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without permission from Knot Magazine and the artists included. 

 

Sheikha A.

Write me, Saudade

 

Floating on invisible meters,

you came to me like a verse

determined for a voice; just

as quickly as you fluttered

to me, over unwritten words

on this lonely night, you left

sailing like a confident eagle.

Not flown too far from post,

you tottered back to my page,

nesting a lost, fractured spirit;

could you have had a stumble

on gravelly penitence? By will

or persuasion, your narcissistic

feathers rest upon your chest,

closed from flight, your eyes

engulfed by an aimless mist

resuscitating long buried hope

of returning to the old home

of waiting, where time can be

held, inescapably.

 

 

One-sided

 

It’s odd how I don’t remember

your geographies, much less

histories. But, I know the land under

my feet right now is a rocky sea

of indecisive structures. I blame

your sand for spoiling my habits,

exposing me to unpredictability,

the escalating and plummeting,

teaching me heat, and then cold,

and then leaving me to fix

my inability to adjust.

 

Your gregarious moods have

ruined me. I talk the confused

babble of an ignorant know-it-all;

I walk with an arrogance sculpted

like your exaggerated architectures;

I whine under these un-catered

for inadequacies. You didn’t teach me

to be less, and now, I can’t

accustom to being a different more.

 

I carry about this one-sided

love affair, the frown by my brow

has become a ridged bridge hanging

over a mass of irreconcilability.

 

You prolong, unfazed, this distance,

and I walk a new land every day.

 

I watch you grow in pictures

or in people’s star struck words –

those new to your charms. But, I know

the land you were – you have been

building new histories.

 

 

 

 

 

 

 

 

I try magic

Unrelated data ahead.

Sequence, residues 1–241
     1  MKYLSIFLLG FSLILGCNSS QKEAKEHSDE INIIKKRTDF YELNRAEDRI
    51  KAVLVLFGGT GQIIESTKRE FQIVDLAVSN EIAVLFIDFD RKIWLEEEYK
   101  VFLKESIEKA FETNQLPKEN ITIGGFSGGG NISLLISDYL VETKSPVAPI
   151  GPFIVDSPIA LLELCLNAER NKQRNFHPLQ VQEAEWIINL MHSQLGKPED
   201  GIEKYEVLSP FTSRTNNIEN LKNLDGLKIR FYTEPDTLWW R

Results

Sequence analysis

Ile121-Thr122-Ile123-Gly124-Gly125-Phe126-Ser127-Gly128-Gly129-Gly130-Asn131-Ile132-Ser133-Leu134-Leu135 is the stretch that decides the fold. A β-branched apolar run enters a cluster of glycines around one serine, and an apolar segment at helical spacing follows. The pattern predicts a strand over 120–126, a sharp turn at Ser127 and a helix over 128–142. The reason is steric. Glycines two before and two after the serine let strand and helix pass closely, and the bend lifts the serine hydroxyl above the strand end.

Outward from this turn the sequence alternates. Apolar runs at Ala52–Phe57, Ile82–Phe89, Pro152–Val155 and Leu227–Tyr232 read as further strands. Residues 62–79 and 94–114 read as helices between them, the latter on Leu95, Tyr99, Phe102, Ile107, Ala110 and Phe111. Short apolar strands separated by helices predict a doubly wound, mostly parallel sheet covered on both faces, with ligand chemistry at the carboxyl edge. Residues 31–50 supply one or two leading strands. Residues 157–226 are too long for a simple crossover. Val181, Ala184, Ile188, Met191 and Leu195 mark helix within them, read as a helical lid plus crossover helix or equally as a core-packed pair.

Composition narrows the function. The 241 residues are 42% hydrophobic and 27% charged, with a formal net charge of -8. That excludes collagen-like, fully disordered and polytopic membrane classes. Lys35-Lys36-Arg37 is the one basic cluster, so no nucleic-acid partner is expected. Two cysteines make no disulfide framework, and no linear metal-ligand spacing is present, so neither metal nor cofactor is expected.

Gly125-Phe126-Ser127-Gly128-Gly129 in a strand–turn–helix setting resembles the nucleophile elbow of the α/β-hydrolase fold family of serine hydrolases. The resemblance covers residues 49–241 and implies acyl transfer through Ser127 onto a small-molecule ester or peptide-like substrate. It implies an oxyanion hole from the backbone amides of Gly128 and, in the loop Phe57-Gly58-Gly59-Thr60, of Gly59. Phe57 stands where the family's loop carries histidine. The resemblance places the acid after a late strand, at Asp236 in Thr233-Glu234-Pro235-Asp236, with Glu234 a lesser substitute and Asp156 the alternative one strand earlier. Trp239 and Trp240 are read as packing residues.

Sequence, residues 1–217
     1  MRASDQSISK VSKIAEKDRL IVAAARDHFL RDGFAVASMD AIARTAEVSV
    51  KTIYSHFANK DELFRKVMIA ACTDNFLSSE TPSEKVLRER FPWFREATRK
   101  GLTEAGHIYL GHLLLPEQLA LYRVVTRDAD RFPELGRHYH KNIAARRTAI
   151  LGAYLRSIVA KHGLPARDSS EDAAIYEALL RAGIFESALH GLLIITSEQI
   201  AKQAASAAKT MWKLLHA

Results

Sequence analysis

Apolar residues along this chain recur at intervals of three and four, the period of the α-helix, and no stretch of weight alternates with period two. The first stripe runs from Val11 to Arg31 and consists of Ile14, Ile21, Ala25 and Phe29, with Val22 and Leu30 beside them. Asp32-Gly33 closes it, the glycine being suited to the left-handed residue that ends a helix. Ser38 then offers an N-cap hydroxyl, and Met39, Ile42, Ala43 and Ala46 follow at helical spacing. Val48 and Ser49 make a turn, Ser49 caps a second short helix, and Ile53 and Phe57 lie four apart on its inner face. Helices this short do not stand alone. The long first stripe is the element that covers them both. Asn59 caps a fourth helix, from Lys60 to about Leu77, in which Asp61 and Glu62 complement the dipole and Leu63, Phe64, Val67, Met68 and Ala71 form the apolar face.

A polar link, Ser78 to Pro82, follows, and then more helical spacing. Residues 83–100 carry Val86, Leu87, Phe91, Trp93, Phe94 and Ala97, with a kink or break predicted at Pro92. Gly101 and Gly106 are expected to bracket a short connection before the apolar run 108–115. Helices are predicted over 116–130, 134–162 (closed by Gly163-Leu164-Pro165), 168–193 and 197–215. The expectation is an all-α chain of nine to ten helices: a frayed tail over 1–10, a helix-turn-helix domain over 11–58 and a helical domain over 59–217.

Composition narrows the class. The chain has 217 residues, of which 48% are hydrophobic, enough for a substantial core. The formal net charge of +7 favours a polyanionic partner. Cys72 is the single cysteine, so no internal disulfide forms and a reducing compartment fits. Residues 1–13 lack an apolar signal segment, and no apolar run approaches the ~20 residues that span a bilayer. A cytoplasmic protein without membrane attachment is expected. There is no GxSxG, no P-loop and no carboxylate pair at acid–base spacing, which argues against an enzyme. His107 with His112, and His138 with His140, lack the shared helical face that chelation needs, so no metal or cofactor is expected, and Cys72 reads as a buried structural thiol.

in nights as these

when your thoughts

coo a whisper

through my ears into cavities

of my being I filled up

with seedless words

ensuring they never root

from the water of my tears

flowing and regenerating

like platelets cycling the body

to survive

a wasted organ –

the heart.

 

I try memories

that grow

like vines from saplings

to slowly lengthening creepers

shrouding over bricks

I erected, one over another,

on ghouls of my flesh

inscribed with your name.

 

I try hallucinations

wherein you are sought

by deaths of reparations

come undone,

by philandering wants

to see you

break rivers rebellious

off sturdy dams.

 

I try sleep

to keep me in its abyss invisible

of the pit, of what awaits,

oscillating in semi-wakefulness

fighting my war

of should or shouldn’t,

of cling or release,

of resist or surrender.

Affixed

 

‘Don’t give your heart away

with the ease that you do,’

I remember distinctly the warning

she had me heed.

 

‘Just because you despise a land,

doesn’t mean it is cursed too.’

 

I had dreamt of these words recurrently

and like a bad dream keeping me away

from you, I recited all the omen breakers

I had known.

 

Surely, the woman knew nothing

of my heart and the land I was from.

 

Many years into successfully

replicating each day of the last

spent with you;

 

enabling mummification of the sun and moon

and holding time in prostrate,

I have bruised my eyes awake in wait.

 

Her wisdom hasn’t been able to

clear away the webs,

release my nights from vigour,

paraphrase the complicated quote I have become,

 

and get you to

un-stray my voyaging spirit.

 

 

Spare,

 

I wish to say, me

from wanting to go

back to memories

 

vicarious

 

I wish you’d extinct

of existence and I

celebrate a victory

 

tangible

 

to my feel on tips

of the very fingers

that have you

 

savoured

 

scent-wise; upon rings

that speak of destiny

contrary to lines

 

knowing

 

of your existence

somewhere.

 

How do I cure myself

of a phenomenon as strange

as this?

 

My fingers need

 

sparing

 

from the way you felt

against them.

 

 

 

 

 

 

 

 

 

Sheikha A. hails from Pakistan and United Arab Emirates and is the author of a short poetry collection titled Spaced [Hammer and Anvil Books, 2013]. Her work appears in over 40 literary zines/journals/magazines such as Red Fez, The Muse, Ygdrasil, A New Ulster, Pyrokinection, Mad Swirl, Carcinogenic Poetry, ken*again, American Diversity Report to name a few, and several anthologies by Silver Birch Press. Her recent publications have been in Switch [the Difference] anthology by Kind of a Hurricane Press and Twenty Seven Signs – Poetry Anthology by Lady Chaos Press. Her real name is Umm-e-Aiman Vejlani under which she also writes and has been published. She edits poetry for eFiction India. More about her publication (ad)ventures can be found on her blog sheikha82.wordpress.com